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Finding Alternative Seed Source is NOT impossible

Finding Alternative Source for Seed is NOT "impossible"

The incident of contamination around Marlborough, Gisborne and Canterbury should be of concern to farmers selling their products overseas. The corn sold both for human and animal feed will compromise meat and milk exports as well as any corn exports. 'It is high time we sourced GE Free seed from areas in the world where contamination is not inevitable, as it appears with US-sourced corn seed.' said Jon Carapiet from GE Free New Zealand. ' We don't buy MAF's argument that nothing can be done about sourcing seed elsewhere or their justification that the current arrangements suit certain sectors of the agricultural industry’ he said.

‘Their systems for importation have been found to be seriously flawed by these continuing contamination events and this is happening repeatedly, not just once or twice.' It appears MAF accepted contamination as inevitable 2 years ago and have done nothing to change that view, or improve their checking system on compliance for seed-testing by importers. Failure to take action makes MAF complicit with the illegal importation of contaminants by default and this is unacceptable. The recently released ERMA independent review says that liason between MAF and ERMA is the weakest link in the system. The biosecurity threat is real and it is incredible to claim these problems will be resolved before the end of the moratorium in October. 'It appears from the report that MAF is more concerned about the issue of money than biosecurity. They are operating under cost constraints, and their monitoring and enforcement need to be improved,' said Jon Carapiet. Prevention is better than cure and importation from countries known to produce GE Free seed would aid the situation. It is time for a Ministerial directive to MAF to find these sources rather than carry on accepting contamination.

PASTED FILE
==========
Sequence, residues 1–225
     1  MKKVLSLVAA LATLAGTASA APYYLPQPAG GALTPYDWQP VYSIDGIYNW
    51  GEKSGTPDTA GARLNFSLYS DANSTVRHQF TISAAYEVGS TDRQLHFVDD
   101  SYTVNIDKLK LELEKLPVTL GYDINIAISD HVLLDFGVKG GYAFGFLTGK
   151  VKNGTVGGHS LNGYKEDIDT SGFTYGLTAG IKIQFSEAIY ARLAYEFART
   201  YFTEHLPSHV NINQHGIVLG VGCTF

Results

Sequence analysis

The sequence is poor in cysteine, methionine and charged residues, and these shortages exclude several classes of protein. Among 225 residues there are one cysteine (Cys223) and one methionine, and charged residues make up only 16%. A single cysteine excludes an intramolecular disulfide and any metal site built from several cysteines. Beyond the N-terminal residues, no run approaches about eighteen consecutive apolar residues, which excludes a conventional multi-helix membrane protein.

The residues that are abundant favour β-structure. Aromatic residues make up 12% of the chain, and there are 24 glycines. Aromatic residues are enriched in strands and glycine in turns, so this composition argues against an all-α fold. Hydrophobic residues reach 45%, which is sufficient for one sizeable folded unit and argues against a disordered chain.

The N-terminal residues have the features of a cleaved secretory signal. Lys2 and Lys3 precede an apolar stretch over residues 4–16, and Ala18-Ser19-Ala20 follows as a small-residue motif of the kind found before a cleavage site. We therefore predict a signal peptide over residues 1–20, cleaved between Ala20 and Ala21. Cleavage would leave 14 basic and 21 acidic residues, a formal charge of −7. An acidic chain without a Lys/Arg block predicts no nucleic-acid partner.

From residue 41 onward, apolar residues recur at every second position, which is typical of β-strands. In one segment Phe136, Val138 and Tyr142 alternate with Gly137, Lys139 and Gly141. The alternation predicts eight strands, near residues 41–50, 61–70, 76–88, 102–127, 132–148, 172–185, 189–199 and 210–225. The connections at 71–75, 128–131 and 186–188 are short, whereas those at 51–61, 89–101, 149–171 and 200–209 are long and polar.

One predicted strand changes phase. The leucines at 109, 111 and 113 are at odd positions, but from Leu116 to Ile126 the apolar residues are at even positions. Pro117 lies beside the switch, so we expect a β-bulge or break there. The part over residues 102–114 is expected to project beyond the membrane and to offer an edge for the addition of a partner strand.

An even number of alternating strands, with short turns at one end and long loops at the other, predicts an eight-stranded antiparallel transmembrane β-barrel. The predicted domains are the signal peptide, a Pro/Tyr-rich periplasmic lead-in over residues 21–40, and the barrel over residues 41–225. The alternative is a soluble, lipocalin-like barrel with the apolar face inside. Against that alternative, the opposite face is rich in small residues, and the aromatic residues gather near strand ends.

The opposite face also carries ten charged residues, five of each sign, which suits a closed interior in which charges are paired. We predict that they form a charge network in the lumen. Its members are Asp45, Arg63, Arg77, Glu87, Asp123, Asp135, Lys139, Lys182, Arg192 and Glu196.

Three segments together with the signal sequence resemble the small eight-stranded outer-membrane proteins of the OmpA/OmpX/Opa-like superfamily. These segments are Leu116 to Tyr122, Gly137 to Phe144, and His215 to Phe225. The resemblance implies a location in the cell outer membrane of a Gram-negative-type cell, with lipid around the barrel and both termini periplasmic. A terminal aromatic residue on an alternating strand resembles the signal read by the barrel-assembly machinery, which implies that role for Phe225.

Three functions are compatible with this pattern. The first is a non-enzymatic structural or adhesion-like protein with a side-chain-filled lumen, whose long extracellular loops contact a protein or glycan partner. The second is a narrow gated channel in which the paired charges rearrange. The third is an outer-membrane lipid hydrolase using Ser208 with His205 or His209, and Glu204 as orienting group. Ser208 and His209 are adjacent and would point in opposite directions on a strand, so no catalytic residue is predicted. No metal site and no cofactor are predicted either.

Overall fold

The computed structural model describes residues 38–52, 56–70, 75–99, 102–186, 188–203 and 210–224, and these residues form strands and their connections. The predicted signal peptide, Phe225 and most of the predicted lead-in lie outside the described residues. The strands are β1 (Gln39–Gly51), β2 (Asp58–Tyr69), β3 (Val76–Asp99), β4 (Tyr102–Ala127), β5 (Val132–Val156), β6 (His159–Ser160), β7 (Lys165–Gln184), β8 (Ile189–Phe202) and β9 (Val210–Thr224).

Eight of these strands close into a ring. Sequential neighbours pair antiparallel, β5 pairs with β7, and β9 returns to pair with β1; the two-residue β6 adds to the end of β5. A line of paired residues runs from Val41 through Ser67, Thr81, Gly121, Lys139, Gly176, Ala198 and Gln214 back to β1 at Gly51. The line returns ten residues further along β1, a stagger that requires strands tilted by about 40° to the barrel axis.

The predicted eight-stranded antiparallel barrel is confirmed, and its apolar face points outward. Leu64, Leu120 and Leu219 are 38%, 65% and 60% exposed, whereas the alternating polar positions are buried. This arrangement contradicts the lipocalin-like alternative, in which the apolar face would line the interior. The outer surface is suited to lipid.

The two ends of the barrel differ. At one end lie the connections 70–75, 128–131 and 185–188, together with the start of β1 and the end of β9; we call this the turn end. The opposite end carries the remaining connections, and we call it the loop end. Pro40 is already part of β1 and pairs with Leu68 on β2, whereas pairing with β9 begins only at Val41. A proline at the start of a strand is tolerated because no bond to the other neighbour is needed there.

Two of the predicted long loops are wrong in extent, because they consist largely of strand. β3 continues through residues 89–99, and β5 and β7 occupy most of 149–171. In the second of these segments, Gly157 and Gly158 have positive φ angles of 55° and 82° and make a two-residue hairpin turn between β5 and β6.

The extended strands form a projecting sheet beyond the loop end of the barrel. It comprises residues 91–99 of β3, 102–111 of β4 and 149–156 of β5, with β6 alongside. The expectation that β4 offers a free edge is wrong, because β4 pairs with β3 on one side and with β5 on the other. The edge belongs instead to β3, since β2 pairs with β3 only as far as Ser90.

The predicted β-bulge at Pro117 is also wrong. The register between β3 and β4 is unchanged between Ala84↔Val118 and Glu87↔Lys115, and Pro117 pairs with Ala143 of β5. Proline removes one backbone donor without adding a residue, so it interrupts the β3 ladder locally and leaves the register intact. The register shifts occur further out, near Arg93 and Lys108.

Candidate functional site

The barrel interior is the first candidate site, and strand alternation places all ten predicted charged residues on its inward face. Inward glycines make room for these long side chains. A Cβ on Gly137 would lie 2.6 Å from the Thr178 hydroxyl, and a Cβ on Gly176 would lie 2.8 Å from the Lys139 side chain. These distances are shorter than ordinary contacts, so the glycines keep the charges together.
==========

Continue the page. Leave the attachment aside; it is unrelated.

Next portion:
ERMA and MAF must be required to act in a thoroughly rigorous and protective manner. They are already losing the confidence of the public and this will worsen unless they quickly take action to negate any necessity for taxpayer funded mitigation and protect our export reputation. In August 2000, MAF biosecurity authority director, Barry O'Neill stated that MAF could not monitor the effects of GE, either in containment, or after commercial release. Nobody was monitoring such effects. Even if MAF had more funds, it lacked the skills to monitor effects of GE. (Evening Post, 5 August 2000).

It is fundamentally wrong and counter to the national interest for the moratorium to be allowed to lapse and for the reigns of power to be handed to ERMA and MAF.

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